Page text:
Moore. Matthew Smith and Graham Sutherland. They are in this order because the alphabet arranges these things with a nice impartiality which critics cannot emulate. So Bazon comes first. His medics for figures at the base of a Crucifix will appal the traditionalist and puzzle even the most open-minded. They belong to the " bone period," and each seems to represent a pelvis in which a nest of vipers has settled and hatched a horrihle and halfhuman specimen all neck and gaping mouth. These are hard to accept but there is power and a more sympathetic originality in his landscape. The achievements of the other four painters in this show are immense. The Matthew Smith's, especially, glow with creative fire and represent painting in
the grand, Mariner. Sutherland's and Hodgkins' stature, too. has increased, only the Moore's disappoint because they are repetitive.—(Lefevre.) . I, C.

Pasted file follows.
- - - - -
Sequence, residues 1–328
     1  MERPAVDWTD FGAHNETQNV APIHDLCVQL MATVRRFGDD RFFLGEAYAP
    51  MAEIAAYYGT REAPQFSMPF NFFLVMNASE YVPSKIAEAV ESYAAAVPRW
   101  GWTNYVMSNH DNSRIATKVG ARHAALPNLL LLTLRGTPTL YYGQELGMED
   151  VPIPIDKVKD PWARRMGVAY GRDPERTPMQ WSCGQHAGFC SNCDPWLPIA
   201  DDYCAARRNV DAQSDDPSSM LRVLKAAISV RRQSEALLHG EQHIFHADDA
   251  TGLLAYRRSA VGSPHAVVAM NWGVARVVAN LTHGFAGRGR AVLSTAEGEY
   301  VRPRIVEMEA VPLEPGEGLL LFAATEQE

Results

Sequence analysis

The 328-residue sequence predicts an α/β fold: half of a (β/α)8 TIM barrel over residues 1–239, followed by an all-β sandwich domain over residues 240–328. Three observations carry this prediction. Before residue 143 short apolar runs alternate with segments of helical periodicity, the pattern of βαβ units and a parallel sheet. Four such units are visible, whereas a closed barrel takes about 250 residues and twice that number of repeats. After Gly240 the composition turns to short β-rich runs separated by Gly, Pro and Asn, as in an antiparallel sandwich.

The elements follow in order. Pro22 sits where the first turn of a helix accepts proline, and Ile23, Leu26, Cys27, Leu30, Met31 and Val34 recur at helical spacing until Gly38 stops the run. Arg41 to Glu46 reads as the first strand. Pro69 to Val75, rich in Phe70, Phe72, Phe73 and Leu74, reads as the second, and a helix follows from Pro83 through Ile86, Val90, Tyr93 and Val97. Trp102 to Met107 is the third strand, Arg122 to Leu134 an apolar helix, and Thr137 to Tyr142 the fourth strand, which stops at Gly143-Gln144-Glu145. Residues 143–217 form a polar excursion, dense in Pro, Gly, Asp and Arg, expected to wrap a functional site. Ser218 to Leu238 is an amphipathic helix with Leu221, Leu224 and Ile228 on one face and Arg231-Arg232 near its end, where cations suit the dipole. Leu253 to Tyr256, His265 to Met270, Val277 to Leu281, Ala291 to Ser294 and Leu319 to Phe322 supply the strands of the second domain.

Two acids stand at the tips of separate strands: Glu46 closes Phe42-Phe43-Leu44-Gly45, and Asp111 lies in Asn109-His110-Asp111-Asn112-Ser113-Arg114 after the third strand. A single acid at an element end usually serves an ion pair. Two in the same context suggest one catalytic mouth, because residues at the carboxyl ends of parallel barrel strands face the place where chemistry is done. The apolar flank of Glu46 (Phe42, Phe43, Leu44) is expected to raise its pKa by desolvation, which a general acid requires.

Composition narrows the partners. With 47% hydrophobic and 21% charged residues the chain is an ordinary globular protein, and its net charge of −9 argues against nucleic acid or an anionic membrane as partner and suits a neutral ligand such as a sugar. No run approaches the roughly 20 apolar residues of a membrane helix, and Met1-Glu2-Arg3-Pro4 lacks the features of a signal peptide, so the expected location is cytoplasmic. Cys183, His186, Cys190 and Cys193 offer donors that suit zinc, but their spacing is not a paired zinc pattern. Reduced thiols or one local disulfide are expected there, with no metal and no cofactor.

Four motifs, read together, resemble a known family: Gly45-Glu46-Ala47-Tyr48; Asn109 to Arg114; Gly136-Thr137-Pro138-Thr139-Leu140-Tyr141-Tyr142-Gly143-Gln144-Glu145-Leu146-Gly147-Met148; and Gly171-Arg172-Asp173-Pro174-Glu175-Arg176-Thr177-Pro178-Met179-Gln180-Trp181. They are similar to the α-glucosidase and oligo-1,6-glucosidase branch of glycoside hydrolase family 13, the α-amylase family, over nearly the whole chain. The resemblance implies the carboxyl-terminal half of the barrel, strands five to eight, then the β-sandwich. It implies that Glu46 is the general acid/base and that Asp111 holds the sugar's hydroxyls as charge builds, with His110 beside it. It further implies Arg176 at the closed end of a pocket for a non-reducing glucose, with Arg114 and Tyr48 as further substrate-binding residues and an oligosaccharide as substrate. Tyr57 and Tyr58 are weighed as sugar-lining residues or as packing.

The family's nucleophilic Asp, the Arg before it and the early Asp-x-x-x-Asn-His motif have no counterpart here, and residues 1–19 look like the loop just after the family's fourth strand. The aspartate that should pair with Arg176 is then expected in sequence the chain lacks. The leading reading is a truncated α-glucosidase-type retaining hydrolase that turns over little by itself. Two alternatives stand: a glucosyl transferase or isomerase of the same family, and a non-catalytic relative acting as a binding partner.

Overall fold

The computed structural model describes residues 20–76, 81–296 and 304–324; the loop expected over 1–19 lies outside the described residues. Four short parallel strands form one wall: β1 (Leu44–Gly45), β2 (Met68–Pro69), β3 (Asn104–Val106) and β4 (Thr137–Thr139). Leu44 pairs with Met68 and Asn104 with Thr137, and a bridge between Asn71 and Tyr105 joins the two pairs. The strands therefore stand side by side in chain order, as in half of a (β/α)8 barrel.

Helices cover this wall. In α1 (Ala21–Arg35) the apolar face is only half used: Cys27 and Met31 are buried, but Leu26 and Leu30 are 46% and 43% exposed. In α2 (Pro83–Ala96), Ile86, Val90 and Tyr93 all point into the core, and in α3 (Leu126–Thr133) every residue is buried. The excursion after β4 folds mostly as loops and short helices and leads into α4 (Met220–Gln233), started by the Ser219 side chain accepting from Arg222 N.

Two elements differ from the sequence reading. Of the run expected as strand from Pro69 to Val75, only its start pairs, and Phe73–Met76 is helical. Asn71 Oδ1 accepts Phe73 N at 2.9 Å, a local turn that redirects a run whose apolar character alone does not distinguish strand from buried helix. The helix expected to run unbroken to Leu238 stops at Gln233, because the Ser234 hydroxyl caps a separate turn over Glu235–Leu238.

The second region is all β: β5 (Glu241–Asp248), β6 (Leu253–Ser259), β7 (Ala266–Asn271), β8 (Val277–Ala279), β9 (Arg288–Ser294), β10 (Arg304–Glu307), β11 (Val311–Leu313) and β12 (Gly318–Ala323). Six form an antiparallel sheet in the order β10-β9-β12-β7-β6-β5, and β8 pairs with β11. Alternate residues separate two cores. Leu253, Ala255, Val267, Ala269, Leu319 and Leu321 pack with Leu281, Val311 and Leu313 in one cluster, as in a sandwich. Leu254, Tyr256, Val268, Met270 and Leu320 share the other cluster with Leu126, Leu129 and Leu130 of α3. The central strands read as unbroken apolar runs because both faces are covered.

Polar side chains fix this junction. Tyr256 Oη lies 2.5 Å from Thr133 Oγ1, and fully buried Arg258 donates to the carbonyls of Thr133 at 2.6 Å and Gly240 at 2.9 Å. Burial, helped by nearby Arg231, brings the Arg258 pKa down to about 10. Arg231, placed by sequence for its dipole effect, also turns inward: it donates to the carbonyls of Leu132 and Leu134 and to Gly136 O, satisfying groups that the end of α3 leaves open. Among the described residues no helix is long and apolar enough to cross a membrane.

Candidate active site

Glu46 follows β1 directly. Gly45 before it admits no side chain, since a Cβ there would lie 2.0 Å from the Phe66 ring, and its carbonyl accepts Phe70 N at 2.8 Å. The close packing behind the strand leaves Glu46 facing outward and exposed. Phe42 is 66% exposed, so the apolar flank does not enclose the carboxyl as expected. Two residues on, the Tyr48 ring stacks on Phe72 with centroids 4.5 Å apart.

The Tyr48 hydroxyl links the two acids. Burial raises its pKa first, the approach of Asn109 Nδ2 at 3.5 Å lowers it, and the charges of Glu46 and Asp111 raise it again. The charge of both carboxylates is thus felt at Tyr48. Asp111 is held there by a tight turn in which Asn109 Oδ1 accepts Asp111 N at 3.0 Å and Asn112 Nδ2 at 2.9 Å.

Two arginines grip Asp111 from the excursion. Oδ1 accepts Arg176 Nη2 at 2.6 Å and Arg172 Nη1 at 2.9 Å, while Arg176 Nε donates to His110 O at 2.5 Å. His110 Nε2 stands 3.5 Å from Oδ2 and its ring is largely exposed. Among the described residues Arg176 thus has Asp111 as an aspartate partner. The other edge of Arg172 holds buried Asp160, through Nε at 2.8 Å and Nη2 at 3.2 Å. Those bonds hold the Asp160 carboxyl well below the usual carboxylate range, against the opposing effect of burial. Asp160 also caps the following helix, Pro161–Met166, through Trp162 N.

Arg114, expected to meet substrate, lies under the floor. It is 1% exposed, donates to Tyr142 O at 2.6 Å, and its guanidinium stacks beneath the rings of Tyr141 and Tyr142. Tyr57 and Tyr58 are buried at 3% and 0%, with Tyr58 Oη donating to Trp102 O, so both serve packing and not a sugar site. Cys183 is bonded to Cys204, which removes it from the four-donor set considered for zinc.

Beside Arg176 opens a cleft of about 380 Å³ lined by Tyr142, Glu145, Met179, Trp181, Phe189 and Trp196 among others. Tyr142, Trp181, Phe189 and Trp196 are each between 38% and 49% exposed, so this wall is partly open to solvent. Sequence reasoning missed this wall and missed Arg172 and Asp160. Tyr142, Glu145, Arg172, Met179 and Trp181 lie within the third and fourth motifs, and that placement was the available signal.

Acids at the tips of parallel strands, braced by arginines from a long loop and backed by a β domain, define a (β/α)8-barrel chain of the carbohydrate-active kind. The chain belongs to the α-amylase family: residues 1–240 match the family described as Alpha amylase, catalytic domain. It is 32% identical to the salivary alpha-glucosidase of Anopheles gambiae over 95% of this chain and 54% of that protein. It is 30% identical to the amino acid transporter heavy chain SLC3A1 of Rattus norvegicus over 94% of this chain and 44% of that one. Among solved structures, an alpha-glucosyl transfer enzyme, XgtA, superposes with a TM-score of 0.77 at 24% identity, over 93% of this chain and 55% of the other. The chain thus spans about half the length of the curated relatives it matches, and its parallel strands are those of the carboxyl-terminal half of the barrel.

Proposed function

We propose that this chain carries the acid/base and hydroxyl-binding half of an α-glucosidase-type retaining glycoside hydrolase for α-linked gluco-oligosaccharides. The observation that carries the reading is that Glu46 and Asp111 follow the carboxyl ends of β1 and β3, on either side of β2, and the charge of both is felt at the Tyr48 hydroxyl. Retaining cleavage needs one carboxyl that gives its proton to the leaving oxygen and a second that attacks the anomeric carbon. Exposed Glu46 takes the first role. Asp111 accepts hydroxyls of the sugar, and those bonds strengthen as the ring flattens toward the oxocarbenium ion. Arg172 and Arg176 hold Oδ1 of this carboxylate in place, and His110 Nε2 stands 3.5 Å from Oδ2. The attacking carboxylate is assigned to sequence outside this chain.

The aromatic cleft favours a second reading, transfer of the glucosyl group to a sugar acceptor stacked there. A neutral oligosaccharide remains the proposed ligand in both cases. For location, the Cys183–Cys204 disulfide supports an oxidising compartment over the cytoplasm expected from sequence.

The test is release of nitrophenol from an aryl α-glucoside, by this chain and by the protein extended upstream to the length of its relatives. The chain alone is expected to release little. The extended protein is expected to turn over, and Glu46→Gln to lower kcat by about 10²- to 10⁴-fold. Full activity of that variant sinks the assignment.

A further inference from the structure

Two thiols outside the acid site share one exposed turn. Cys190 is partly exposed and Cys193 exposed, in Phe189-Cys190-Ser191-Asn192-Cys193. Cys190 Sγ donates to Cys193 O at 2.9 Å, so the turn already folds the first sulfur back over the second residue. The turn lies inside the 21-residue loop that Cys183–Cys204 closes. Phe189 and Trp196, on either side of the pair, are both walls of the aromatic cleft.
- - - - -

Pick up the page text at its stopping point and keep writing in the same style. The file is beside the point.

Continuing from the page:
To paint for children is less under"' Standable than to write forthein, but Mr. Eurich's pictures are calculated to please the direct mind whether of child or grown-up. His landscapes are bright and obvious and well disposed towards their viewers. His action pictures are of the 'kind that start a story going in the imagination It would be impossible not to like these little, cheerful. friendly Canvases —out why arc they ['etc. ? I should have thought children would have preferred big pictures as they like big
books.—(Redfern.) I. C.